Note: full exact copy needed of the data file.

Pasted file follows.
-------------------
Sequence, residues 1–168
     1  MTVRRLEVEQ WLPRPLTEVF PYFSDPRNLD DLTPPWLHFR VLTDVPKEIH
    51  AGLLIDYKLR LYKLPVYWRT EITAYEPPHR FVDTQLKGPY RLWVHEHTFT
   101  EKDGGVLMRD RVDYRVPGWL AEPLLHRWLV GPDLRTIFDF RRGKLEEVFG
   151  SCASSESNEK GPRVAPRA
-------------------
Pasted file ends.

Sequence, residues 1–168
     1  MTVRRLEVEQ WLPRPLTEVF PYFSDPRNLD DLTPPWLHFR VLTDVPKEIH
    51  AGLLIDYKLR LYKLPVYWRT EITAYEPPHR FVDTQLKGPY RLWVHEHTFT
   101  EKDGGVLMRD RVDYRVPGWL AEPLLHRWLV GPDLRTIFDF RRGKLEEVFG
   151  SCASSESNEK GPRVAPRA